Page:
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# Error in Numerical Recipes lubksb routine

 P: n/a I have been using the lubksb routine in Visual C++ 6.0 and noticed what looks like an error to me. The last section of the method looks like this: for(i=n;i>=1;i--) { sum=b[i]; for(j=i+1;j<=n;j++) sum -= a[i][j]*b[j]; b[i]=sum/a[i][i]; } Where a is an n X n matrix (C array of arrays) which go from 1..n (through the use of Numerical Recipes offset index method). See page 48 here: Numerical Recipes sample pdf for more information. It appears to me that the inner loop will cause a segmentation fault because j=i+1 = n+1 which is greater than n--the max index for both a and b. Yet it seems to work--am I missing something? --Mike Nov 13 '05 #1
5 Replies

 P: n/a mma wrote: I have been using the lubksb routine in Visual C++ 6.0 and noticed what looks like an error to me. The last section of the method looks like this: for(i=n;i>=1;i--) { sum=b[i]; for(j=i+1;j<=n;j++) sum -= a[i][j]*b[j]; b[i]=sum/a[i][i]; } Where a is an n X n matrix (C array of arrays) which go from 1..n (through the use of Numerical Recipes offset index method). See page 48 here: Numerical Recipes sample pdf for more information. It appears to me that the inner loop will cause a segmentation fault because j=i+1 = n+1 which is greater than n--the max index for both a and b. Yet it seems to work--am I missing something? The condition j<=n causes the inner loop to end without doing anything for the first value of i. While it might be slightly more efficient on some platform to write a separate case for j=i+1, with no inner loop, the way it is written is the most succinct. If your compiler fetches the operands before testing whether they are needed, and this causes a segfault, that's the fault of your compiler. -- Tim Prince Nov 13 '05 #2

 P: n/a In article mma writes:I have been using the lubksb routine in Visual C++ 6.0 and noticedwhat looks like an error to me. The last section of the method lookslike this:for(i=n;i>=1;i--){ sum=b[i]; for(j=i+1;j<=n;j++) sum -= a[i][j]*b[j]; b[i]=sum/a[i][i];}Where a is an n X n matrix (C array of arrays) which go from 1..n(through the use of Numerical Recipes offset index method). Be aware that this method is not strictly portable, although it works in practice on most if not all systems. For more detail, see the FAQ. It appears to me that the inner loop will cause a segmentation faultbecause j=i+1 = n+1 which is greater than n--the max index for both aand b. Yet it seems to work--am I missing something? When i==n, the inner loop does this: for (j = i + 1; - This sets j to i + 1, which is also n + 1, as you note. j <= n; - Now compare j to n. Since j = n + 1, j > n, and j <= n is false (produces the integer value 0 in an expression, and is treated as false in a loop-controlling-expression). The inner loop therefore does not run at all. After the inner loop (immediately) terminates, the outer loop sets b[i] to sum / a[i][i]. The variable sum is unmodified from the original b[i] assigned to it, so this divides b[i] by a[i][i]. The outer loop then decrements i and resumes at its test expression (which must have already been true exactly once). -- In-Real-Life: Chris Torek, Wind River Systems Salt Lake City, UT, USA (40°39.22'N, 111°50.29'W) +1 801 277 2603 email: forget about it http://web.torek.net/torek/index.html Reading email is like searching for food in the garbage, thanks to spammers. Nov 13 '05 #3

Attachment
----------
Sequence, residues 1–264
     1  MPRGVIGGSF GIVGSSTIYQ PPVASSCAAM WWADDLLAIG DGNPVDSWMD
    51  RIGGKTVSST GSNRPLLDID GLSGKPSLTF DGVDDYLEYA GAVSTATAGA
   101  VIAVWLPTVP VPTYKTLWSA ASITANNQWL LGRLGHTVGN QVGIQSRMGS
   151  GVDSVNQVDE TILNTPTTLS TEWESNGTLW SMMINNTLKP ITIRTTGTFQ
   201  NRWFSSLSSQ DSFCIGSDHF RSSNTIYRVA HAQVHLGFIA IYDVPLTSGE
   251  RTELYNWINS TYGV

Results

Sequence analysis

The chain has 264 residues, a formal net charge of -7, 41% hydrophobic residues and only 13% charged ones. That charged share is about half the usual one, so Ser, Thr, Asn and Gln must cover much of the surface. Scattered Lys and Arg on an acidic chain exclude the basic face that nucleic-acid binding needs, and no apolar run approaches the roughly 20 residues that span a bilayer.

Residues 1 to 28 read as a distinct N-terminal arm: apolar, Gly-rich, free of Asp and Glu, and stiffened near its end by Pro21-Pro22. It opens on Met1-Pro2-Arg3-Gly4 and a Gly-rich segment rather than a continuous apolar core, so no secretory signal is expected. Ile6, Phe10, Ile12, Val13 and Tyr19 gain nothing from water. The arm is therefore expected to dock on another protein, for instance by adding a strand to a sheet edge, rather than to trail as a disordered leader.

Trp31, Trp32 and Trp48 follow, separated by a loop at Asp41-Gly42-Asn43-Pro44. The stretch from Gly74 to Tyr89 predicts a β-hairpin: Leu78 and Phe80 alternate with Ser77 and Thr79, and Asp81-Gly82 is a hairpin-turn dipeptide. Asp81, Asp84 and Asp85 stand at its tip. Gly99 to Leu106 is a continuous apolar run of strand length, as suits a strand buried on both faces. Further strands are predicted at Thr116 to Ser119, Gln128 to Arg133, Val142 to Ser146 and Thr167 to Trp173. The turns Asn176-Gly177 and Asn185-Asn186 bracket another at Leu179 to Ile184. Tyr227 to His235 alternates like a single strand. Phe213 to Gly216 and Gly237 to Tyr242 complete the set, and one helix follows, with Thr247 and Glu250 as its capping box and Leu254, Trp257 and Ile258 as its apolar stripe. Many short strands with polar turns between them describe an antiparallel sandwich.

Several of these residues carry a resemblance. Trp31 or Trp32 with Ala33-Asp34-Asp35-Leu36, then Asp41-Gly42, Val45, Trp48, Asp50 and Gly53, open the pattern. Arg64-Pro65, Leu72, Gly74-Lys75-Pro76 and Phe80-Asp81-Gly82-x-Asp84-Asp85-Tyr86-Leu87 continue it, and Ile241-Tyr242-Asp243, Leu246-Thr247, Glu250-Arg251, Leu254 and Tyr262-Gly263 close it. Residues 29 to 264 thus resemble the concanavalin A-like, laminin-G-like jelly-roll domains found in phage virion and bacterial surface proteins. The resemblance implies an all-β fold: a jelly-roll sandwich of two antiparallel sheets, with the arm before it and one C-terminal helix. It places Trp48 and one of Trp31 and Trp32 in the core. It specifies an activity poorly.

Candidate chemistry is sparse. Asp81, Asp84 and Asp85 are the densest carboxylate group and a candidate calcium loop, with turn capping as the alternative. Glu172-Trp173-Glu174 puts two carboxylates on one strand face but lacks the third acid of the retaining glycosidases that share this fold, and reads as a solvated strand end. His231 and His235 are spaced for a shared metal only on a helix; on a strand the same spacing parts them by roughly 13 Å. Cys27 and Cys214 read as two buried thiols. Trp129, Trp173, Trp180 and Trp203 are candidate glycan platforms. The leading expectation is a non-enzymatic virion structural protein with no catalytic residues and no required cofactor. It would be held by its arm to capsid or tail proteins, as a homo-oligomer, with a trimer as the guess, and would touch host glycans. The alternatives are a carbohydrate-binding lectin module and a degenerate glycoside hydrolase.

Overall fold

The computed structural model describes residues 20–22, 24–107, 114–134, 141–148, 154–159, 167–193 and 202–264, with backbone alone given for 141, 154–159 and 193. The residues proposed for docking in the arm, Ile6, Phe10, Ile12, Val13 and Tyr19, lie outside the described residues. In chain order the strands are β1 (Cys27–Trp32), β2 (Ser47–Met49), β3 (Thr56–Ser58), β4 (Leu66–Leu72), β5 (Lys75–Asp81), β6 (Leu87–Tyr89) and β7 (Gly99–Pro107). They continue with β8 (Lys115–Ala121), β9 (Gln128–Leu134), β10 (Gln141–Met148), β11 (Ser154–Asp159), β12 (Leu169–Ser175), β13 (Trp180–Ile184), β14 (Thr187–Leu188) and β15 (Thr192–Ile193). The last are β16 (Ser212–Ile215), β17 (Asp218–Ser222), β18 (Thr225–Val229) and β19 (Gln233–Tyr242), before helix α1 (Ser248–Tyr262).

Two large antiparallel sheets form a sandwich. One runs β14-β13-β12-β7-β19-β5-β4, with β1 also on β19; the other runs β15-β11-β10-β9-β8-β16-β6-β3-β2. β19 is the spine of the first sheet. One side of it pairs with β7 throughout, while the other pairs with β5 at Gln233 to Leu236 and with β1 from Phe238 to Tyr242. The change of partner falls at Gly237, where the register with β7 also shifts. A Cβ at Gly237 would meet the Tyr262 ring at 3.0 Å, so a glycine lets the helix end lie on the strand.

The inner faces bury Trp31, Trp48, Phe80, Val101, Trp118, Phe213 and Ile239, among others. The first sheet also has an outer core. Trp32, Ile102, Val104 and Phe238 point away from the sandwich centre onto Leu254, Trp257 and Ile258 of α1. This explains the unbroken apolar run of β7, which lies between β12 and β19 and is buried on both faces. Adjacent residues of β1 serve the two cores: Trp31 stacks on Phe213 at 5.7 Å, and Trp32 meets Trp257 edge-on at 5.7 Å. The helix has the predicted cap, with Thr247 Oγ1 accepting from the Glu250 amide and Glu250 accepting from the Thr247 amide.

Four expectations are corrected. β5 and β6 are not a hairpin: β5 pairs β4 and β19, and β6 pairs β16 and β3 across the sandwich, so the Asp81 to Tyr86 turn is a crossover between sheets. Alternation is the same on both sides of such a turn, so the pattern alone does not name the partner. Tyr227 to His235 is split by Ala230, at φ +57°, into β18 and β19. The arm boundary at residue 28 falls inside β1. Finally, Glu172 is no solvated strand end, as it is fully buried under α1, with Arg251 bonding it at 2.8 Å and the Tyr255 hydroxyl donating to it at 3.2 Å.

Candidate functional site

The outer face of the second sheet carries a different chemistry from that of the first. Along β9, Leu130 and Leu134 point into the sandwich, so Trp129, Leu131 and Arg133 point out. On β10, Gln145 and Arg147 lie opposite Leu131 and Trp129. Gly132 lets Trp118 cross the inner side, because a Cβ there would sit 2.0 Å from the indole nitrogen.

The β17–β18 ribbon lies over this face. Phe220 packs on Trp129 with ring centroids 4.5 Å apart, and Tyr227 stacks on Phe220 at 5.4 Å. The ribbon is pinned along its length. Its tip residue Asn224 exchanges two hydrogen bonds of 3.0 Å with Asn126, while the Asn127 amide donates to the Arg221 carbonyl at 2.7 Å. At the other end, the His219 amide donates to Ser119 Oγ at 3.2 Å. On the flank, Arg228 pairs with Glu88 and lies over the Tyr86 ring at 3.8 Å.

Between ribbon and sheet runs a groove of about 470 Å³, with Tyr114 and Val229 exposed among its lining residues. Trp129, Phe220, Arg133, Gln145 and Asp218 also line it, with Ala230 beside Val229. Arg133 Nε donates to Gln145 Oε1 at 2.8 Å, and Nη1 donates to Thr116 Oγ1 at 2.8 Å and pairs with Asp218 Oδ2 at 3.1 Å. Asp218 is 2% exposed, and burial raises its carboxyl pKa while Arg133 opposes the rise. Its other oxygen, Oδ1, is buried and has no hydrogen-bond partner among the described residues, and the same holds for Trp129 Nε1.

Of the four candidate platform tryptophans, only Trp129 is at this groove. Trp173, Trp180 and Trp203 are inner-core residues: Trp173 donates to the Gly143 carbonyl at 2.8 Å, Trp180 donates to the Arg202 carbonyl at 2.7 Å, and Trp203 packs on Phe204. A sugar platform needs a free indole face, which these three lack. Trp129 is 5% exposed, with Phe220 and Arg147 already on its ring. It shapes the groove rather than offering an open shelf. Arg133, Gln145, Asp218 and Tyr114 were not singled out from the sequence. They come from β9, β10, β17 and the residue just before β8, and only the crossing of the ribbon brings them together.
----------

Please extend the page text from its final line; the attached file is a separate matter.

P: n/a On 7 Dec 2003 13:57:55 -0800, mm****@foobox.net (mma) wrote: I have been using the lubksb routine in Visual C++ 6.0 and noticedwhat looks like an error to me. The last section of the method lookslike this:for(i=n;i>=1;i--){ sum=b[i]; for(j=i+1;j<=n;j++) sum -= a[i][j]*b[j]; b[i]=sum/a[i][i];}Where a is an n X n matrix (C array of arrays) which go from 1..n(through the use of Numerical Recipes offset index method). See page48 here:NumericalRecipes sample pdf for more information.It appears to me that the inner loop will cause a segmentation faultbecause j=i+1 = n+1 which is greater than n--the max index for both aand b. Yet it seems to work--am I missing something? When i is set to n, then j=i+1 will indeed set j to n+1. However, the terminating condition (j<=n) is examined at the top of the loop so the loop will not execute at all. If it did execute, it would cause undefined behavior. A segmentation fault is one of the more user friendly manifestations of undefined behavior but not guaranteed. <> Nov 13 '05 #4

 P: n/a mma wrote: I have been using the lubksb routine in Visual C++ 6.0 and noticed what looks like an error to me. The last section of the method looks like this: for(i=n;i>=1;i--) { sum=b[i]; for(j=i+1;j<=n;j++) sum -= a[i][j]*b[j]; b[i]=sum/a[i][i]; (snip) It appears to me that the inner loop will cause a segmentation fault because j=i+1 = n+1 which is greater than n--the max index for both a and b. Yet it seems to work--am I missing something? The j<=n; right after the j=i+1; -- glen Nov 14 '05 #5

 P: n/a ! On Tue, 09 Dec 2003 05:17:58 +0000, glen herrmannsfeldt wrote: for(i=n;i>=1;i--) { sum=b[i]; for(j=i+1;j<=n;j++) sum -= a[i][j]*b[j]; b[i]=sum/a[i][i]; (snip) It appears to me that the inner loop will cause a segmentation fault because j=i+1 = n+1 which is greater than n--the max index for both a and b. Yet it seems to work--am I missing something? The j<=n; right after the j=i+1; for(i1; i2; i3) S; is a shortcut for: i1; while(i2) { S; i3; } -- A .. Nov 14 '05 #6

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